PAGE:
We Banjo 3 was one of the headlining bands at Milwaukee Irish Fest, which spanned 4 days during the third weekend of August. Having made their US debut at Irish Fest in 2012, the band has been a festival favorite virtually each year since then.
We Banjo 3 is comprised of two sets of brothers, David Howley (lead vocals, guitar) and Martin Howley (tenor banjo, mandolin, vocals) and Enda Scahill (tenor banjo, vocals) and Fergal Scahill (fiddle, viola, dobro, bodhran, guitar, vocals). Originally hailing from Galway, Ireland, each had successful solo careers before teaming up as a band. Each member has achieved multiple accolades and awards. The band has released 8 albums in their 13-year history, including 2 live albums and an album of Christmas holiday music.
The band’s songs range from sweetly wistful to all out rollicking with the band literally jumping around on the stage as they interact with their audiences.
We Banjo 3’s messages are about empathy, love, and hope. Many of their songs reflect a need for healing with some based on personal struggles of the band’s members. Their music evokes a kind of palliative spirit in an emotional sense by easing the listener’s cares and concerns. We Banjo 3’s music is joyful and envelopes their fans within a community of loving and caring.
JigJam—an Up-and-Coming Irish Bluegrass Band
Another Irish band making inroads in the Bluegrass and Americana scene is JigJam, which has been described as “Ireland’s answer to the New Grass Revival.”.
JigJam’s blend of traditional Irish music with Bluegrass and Americana can be labeled as a new genre of ‘I-Grass’ or Irish-influenced Bluegrass. JigJam captivates its audiences with technical virtuosity and intense high-energy performances.
Also a mainstay of the Irish American Festival circuit, JigJam is enjoying increasing exposure among traditional Bluegrass and Americana fans. JigJam’s 2022 Bluegrass festival appearances include the Walnut Valley Festival where they have appeared alongside Bela Fleck My Bluegrass Heart and Sierra Hull.
From the Irish midlands, JigJam’s core is comprised of Jamie McKeogh (lead singer, guitar), Daitha Melia (guitar, 5-string banjo, dobro), Cathal Guinan (fiddle, tin whistle), and Gavin Strappe (tenor banjo, mandolin). JigJam has also included Glasgow-natives Calum Morrison on double bass and Danny Hunter on fiddle. Prior to forming JigJam in 2016, each member honed their skills resulting in numerous national appearances and awards.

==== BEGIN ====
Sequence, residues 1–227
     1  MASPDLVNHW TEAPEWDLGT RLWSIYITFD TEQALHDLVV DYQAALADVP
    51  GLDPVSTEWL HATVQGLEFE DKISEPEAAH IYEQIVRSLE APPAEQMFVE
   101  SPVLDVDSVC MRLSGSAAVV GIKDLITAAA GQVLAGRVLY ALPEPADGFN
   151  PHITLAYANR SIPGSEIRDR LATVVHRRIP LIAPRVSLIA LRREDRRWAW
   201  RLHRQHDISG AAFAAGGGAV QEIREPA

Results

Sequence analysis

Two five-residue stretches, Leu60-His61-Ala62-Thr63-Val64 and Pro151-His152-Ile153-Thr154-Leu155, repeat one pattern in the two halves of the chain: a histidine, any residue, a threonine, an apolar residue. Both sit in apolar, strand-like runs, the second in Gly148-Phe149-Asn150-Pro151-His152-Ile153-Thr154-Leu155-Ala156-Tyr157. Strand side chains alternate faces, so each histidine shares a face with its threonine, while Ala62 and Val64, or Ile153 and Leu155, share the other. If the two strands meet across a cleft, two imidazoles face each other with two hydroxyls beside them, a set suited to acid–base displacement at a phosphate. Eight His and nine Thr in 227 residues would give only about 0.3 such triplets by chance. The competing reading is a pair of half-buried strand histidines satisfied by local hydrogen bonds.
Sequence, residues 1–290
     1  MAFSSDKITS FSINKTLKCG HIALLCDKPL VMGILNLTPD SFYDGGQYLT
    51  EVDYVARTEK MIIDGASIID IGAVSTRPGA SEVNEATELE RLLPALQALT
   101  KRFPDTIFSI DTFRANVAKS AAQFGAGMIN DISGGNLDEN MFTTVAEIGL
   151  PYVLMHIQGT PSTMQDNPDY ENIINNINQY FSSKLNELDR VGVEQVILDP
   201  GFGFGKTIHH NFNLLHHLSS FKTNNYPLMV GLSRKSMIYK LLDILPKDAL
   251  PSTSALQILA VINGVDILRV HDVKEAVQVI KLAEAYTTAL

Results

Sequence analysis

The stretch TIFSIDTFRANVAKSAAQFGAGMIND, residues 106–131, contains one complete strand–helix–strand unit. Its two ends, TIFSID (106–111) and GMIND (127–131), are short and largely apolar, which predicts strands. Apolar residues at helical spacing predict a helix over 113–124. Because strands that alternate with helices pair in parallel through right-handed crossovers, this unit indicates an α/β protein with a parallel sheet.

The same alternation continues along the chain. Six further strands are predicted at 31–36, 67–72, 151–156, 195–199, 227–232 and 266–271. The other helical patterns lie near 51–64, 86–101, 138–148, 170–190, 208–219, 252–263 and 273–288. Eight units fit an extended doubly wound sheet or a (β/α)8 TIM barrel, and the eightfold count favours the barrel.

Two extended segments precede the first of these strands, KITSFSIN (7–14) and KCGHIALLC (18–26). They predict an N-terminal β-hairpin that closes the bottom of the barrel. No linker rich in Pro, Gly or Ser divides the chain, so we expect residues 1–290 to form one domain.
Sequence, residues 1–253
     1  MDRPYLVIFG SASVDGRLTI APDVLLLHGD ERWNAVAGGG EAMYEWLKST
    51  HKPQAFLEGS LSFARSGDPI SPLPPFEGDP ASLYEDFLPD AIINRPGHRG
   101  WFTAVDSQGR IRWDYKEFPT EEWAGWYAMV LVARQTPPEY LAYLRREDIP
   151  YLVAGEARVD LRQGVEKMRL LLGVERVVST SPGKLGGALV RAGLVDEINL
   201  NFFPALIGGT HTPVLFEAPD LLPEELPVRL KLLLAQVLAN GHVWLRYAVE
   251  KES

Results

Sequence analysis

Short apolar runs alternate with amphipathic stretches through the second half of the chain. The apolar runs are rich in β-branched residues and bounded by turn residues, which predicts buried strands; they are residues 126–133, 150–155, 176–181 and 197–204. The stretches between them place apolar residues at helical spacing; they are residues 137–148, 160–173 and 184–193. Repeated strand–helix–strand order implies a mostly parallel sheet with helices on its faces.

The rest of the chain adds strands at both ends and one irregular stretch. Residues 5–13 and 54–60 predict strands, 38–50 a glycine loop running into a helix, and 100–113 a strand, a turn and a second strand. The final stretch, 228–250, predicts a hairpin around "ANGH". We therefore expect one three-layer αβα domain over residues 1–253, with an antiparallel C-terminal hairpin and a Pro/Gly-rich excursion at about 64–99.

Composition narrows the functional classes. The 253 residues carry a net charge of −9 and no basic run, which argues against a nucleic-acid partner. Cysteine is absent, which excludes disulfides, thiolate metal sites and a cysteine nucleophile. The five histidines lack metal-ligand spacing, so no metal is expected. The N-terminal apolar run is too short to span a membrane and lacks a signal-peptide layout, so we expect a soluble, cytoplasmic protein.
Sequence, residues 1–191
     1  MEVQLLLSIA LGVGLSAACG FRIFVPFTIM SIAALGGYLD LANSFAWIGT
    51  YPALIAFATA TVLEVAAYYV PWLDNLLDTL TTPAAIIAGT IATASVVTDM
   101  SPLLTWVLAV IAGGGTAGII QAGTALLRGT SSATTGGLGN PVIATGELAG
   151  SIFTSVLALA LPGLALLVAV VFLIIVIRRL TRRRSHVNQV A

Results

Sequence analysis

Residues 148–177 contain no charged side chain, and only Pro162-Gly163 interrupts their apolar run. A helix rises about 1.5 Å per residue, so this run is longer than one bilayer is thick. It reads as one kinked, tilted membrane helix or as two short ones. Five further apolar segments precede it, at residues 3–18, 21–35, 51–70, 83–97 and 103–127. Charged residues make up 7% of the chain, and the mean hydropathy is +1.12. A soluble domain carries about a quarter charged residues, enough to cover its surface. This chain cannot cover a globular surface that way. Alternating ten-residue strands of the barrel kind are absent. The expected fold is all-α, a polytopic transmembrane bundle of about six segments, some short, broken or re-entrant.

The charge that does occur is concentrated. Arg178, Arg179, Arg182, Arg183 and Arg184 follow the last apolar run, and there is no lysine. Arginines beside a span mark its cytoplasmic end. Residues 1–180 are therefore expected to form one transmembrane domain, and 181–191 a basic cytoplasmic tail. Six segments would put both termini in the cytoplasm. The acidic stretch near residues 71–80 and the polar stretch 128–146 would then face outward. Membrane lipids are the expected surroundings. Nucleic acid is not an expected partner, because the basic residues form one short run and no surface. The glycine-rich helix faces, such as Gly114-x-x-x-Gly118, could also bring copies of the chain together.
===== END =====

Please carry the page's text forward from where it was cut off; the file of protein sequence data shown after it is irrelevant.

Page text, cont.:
JigJam’s music is dominantly banjo based. Their lyrics include tight harmonies and soaring solos. Their songs include heart-rending ballads as well as a playful joyfulness. Their tempos range from a free-flowing ease to an absolutely frenetic pace.
The band has released 3 albums of original music along with a live album. The band’s Phoenix is their most recently release from 2019.
We Banjo 3 and JigJam at Milwaukee Irish Fest
We Banjo 3 and JigJam each played 3 separate sets over the course of Milwaukee Irish Fest’s 4 day run. In addition, We Banjo 3 led a collaborative tribute set to Scottish rock music along with all of the other bands appearing at Irish Fest. This tribute itself highlighted much of the crossover between Celtic music tastes and mainstream American music as the selections played included songs by AC/DC, Rod Stewart, Annie Lennox and Stealers Wheel.
During each of their sets, We Banjo 3 and JigJam were enthusiastically received by the adoring crowds. David Howley and Jamie McKeogh expressed many times how happy the bands were to reconnect with their American fans after the Covid-forced hiatus.
Large parts of the success of We Banjo 3 and JigJam relate to the precision and virtuosity of the band members in performing their songs. Their stringed instrument skills are truly amazing to behold. Combine those skills with their on-stage energy and witnesses to their music will come away quite satisfied.
Milwaukee’s Irish Fest is no stranger to the draw of Bluegrass. The festival first returned to a live format after Covid during August 2021. However, due to Irish Covid-related travel restrictions, Irish performers were unable to attend the festival.
As a result, as the festival highlighted American Irish and Celtic roots, it turned to Bluegrass mainstays Molly Tuttle and Sierra Hull in 2021 to help fill out the festival’s schedule. Informal discussions with event planners suggest Irish Fest may again look to traditional Bluegrass performers for future festivals.
At its heart, American roots music was strongly influenced by Irish traditional styles and instruments. Contemporary Irish artists, such as We Banjo 3 and JigJam, offer US audiences tastes of the continuing crossover and influence of Irish music in Bluegrass and Americana.
Keep an eye on We Banjo 3 and JigJam for future tour dates and check out their music on your favorite streaming services.
Find more on We Banjo 3 here: https://www.webanjo3.com
Discover more about JigJam here: http://www.jigjam.ie/tour/
Keep track of Milwaukee’s Irish Festival here: https://irishfest.com/Milwaukee-Irish-Fest